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Per Linguam : a Journal of Language Learning = Per Linguam : Tydskrif vir Taalaanleer - latest Issue
Volume 32, Issue 2, 2016
Author Maryna ReynekeSource: Per Linguam : a Journal of Language Learning = Per Linguam : Tydskrif vir Taalaanleer 32, pp 1 –14 (2016)More Less
Education systems of the 21st century face the challenge of reflecting the needs of an extremely dynamic global society. Of paramount importance is students' aptitude for life-long learning; a quality that needs to be fostered and enhanced by sustainable assessment practices that focus on promoting learning instead of merely testing existing knowledge and skills. Within any contemporary educational system, school-based assessment (SBA) may be utilised to promote higher-order thinking skills. SBA is especially valuable in English language learning which involves the acquisition of a variety of linguistic and communication skills. In the South African system, however, SBA in English classrooms seems to amount to nothing more than regular summative testing, grading and record keeping of marks to satisfy bureaucracy and prepare candidates for high-stakes examinations.
Constructing and rolling out the new South African Sign Language (SASL) curriculum - reflexive critiqueSource: Per Linguam : a Journal of Language Learning = Per Linguam : Tydskrif vir Taalaanleer 32, pp 15 –29 (2016)More Less
South Africa has one of the most progressive constitutions in the world protecting the linguistic and cultural rights of Deaf people. However, there is a huge gap between policies and reality in schools for Deaf learners in South Africa. In this paper we critically unpack and reflexively explore the linguistic and cultural issues that emerged during the process of creating and implementing the new South African Sign Language (SASL) curriculum. This curriculum was produced as a result of a landmark court case. We use an ethnographic framework based on our own reflections, discussions with Deaf people, notes from meetings, and discussions with the other team members. Why and how did the process that started off with so much energy, excitement and goodwill break down? We argue that a key reason for this breakdown is inadequate linguistic knowledge and cultural sensitivity in relation to SASL and Deaf cultural identity. The paper concludes with an outline of lessons learnt.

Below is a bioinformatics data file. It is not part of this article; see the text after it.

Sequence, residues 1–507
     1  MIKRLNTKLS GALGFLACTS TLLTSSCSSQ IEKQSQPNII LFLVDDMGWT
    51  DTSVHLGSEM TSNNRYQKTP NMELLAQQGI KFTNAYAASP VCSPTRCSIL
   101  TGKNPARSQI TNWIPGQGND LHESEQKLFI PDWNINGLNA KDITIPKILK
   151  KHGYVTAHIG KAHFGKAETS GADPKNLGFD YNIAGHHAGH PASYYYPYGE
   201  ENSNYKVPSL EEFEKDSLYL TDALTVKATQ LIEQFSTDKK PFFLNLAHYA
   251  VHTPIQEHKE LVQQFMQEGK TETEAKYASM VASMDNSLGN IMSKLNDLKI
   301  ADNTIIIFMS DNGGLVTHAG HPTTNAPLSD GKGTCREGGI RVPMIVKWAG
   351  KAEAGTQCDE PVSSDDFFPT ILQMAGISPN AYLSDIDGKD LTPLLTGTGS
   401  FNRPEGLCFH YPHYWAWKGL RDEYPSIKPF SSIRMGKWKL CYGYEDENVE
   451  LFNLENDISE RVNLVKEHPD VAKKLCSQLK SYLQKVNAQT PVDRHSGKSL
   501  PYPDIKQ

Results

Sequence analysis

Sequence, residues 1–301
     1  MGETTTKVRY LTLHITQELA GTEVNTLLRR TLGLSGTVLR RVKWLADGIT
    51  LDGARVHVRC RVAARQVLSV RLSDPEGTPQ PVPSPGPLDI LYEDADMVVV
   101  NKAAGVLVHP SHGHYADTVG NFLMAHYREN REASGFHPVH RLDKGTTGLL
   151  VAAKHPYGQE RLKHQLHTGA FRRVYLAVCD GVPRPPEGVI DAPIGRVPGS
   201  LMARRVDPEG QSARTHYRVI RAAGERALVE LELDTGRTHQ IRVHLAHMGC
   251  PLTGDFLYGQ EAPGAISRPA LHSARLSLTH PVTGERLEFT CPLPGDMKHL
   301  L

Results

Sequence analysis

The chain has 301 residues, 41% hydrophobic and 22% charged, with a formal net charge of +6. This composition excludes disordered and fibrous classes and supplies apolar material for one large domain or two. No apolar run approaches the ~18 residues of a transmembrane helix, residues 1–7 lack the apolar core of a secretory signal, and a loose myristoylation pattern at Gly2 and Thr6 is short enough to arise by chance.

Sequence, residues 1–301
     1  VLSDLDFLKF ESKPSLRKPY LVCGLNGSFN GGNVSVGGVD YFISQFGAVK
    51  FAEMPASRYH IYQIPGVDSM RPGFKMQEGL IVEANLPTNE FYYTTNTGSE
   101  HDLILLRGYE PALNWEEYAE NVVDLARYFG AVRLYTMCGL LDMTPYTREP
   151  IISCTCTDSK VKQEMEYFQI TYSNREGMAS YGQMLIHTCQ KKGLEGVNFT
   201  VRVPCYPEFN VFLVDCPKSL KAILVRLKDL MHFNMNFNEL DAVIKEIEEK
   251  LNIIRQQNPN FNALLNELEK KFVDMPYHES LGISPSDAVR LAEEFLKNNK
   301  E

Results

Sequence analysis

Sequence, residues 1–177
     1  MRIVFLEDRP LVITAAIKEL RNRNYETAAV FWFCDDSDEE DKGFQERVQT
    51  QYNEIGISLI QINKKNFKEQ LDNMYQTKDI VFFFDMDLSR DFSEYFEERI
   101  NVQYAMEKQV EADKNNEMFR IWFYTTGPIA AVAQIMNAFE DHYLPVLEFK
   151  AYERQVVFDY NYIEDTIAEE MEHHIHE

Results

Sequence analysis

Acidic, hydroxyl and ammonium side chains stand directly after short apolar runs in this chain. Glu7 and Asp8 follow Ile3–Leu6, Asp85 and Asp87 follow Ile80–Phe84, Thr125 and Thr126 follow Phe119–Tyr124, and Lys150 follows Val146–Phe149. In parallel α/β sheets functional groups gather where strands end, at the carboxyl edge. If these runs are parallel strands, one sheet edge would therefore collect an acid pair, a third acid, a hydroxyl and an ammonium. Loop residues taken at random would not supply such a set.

Unlocking later developing language skills in older children by means of focused language stimulationSource: Per Linguam : a Journal of Language Learning = Per Linguam : Tydskrif vir Taalaanleer 32, pp 30 –46 (2016)More Less
Certain language structures and skills continue to develop after the age of school entry. The present study sought to establish whether directly targeting the development of such complex language structures and skills in comprehension and production can be successful among older, school-going children. The data for the present study comprise four case studies of children with language learning problems, including language comprehension problems: one 5, one 6, and two 7 years of age. Relevant parts of the Receptive and Expressive Activities for Language Therapy (Southwood & Van Dulm, 2012) were used during six to eight language stimulation sessions. Substantial gains were seen when comparing pre- and post-stimulation language assessment results on the Diagnostic Evaluation of Language Variation (Seymour, Roeper, & De Villiers, 2005). The implication is that direct targeting of specific later developing language structures and skills can render the desired results, well after their usual age of acquisition, even among children with language comprehension problems and within a limited number of sessions. Given the relationship between language skills and the development of reading skills, the findings have implications for the literacy development of Foundation Phase learners who enter school with underdeveloped language skills.
Source: Per Linguam : a Journal of Language Learning = Per Linguam : Tydskrif vir Taalaanleer 32, pp 47 –65 (2016)More Less
Pre-school literacy teaching in Early Childhood Education (ECD) inclusive classrooms is crucial in preparing learners for the transition to formal literacy teaching and learning. This article describes a collaborative exploratory research project between a university in South Africa and one in China, in order to gain an overview of early literacy teaching and learning in the two countries. In the case of South Africa, the focus was on Grade R literacy teaching and learning. Teacher participants in three rural schools, three township schools and four inner city schools in Mpumalanga and Gauteng were purposively selected. Data were gathered by means of open-ended questions in a questionnaire, individual interviews with Heads of Departments (HOD) and classroom observations. Coding, categorising and identifying themes were manually conducted. Persistent challenges were identified of which limited resources, low socio-economic conditions, English as the language of learning and teaching (LoLT), inadequate teaching strategies used to implement the Curriculum Assessment Policy Statement (CAPS) and barriers to learning were highlighted. This overview of early literacy teaching and learning in South Africa served as a precursor for the second phase of the project between the two countries.